I've had great success running two DeEssers in series, one in Bandpass mode followed by another in Highpass for particularly sibilant vocalists. Several presets are tailored for male and female sss and shhh sounds. They're great starting points for dealing with your particular case of sibilance. In addition, DeEsser works well on a variety of instruments, and even entire mixes. Any source that has peaky, high frequencies above 2 kHz can be tamed with DeEsser. You can't control the compression's envelope response time, but you don't need to. The response time is preset to be lightning fast, and it's exactly what you need in practically every application. Anyone who has fumbled with constructing a hardware de-essing chain will truly appreciate the simplicity and power of this plug-in.
THE NEW RENAISSANCEAs an antidote to the digitally precise nature of the original Waves compressor and EQ (C1 and Q10), the new Renaissance plug-ins emulate the nonlinear nature and desirable sonic characteristics of top-level, well-respected analog hardware devices, while also providing simple user interfaces. After carefully studying many classic compressors and equalizers, Waves has created two plug-ins that not only simulate the sonic nature of the hardware that inspired them, but also stand on their own in terms of flexibility, ease of use, and musicality.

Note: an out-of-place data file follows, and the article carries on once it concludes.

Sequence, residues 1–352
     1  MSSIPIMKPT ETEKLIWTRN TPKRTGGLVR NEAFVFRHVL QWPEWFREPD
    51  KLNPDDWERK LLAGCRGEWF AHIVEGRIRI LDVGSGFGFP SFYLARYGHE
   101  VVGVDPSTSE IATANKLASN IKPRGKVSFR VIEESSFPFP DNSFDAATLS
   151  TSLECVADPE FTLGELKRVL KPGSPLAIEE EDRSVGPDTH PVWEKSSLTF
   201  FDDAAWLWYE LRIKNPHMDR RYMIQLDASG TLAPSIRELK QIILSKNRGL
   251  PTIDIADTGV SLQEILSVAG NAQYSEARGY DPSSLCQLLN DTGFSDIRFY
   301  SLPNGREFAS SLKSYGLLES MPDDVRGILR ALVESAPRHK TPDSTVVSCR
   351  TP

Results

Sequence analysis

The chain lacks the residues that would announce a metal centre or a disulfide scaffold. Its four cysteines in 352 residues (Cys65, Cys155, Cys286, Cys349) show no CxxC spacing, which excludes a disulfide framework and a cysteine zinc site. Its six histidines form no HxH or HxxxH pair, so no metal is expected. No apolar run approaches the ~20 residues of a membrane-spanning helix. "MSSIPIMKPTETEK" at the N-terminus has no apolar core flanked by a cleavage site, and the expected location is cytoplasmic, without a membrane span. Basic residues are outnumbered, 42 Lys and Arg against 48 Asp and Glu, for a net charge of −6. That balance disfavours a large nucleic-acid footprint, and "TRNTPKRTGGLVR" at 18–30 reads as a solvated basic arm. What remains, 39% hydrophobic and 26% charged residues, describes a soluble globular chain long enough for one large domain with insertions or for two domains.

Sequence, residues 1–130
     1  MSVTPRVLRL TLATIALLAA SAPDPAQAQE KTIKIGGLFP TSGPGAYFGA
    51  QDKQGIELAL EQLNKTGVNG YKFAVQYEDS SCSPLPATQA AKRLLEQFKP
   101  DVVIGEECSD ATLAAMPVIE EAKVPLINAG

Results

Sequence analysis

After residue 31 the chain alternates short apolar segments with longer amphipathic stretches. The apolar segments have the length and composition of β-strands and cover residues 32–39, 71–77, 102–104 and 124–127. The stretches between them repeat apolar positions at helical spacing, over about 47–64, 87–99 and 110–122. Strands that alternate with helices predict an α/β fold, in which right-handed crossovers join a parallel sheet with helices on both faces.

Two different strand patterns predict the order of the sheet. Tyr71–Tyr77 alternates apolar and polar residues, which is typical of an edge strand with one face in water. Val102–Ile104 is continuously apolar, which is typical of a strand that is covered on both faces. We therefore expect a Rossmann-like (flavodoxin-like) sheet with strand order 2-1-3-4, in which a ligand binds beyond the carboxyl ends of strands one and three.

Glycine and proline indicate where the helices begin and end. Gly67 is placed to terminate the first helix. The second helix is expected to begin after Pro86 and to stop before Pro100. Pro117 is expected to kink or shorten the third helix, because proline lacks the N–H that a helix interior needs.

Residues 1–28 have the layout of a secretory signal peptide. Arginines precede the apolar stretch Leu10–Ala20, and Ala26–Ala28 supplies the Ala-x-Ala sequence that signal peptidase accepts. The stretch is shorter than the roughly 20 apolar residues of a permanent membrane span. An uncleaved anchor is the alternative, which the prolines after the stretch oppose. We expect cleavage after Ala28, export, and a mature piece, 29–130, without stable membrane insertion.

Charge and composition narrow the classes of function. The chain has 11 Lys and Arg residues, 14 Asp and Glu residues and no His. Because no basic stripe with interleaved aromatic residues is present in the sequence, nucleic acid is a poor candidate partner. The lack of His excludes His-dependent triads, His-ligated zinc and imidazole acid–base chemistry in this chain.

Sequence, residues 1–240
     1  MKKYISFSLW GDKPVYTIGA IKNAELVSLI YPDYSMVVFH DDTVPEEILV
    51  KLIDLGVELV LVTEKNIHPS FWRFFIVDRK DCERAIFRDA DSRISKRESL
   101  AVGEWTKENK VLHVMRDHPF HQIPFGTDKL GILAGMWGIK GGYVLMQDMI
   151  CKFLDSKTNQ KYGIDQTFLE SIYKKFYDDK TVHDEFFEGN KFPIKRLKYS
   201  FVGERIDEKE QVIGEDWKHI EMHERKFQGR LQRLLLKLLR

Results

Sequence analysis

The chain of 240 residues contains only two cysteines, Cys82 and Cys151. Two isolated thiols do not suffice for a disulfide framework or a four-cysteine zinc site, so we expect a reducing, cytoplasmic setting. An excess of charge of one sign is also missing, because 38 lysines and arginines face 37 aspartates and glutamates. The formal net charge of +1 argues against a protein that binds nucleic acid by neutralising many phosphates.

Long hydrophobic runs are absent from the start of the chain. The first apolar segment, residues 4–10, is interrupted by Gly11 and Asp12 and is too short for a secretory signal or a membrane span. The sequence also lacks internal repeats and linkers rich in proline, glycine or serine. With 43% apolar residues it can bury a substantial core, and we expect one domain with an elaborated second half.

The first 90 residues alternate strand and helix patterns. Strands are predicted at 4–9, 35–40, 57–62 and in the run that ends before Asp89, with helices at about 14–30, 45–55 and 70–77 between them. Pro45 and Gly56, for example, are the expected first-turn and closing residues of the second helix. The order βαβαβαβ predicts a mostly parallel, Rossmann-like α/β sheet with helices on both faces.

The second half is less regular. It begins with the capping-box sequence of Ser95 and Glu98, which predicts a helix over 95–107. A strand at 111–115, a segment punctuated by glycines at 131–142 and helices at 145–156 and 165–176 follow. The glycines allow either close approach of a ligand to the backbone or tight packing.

Renaissance Compressor (RC) is extremely flexible, yet its controls are quite simple, consisting of only five sliders and three on/off buttons (see Fig. 3). After first selecting the mode, behavior, and character of the compressor with the buttons, you can adjust the Threshold, Ratio, Attack, and Release sliders to yield stunning results. And because RC is a plug-in, you can run multiple initiations (as many as your computer can handle) and apply each to a different track.
Renaissance Compressor is a soft-knee compressor/expander, meaning that attenuation actually begins 3 dB below the Threshold setting. The compression ratio can be anywhere from 1.01:1 to 50.0:1, and the expansion from 0.99:1 to 0.50:1. You set gain in 0.1 dB increments between +30 and -30 dB.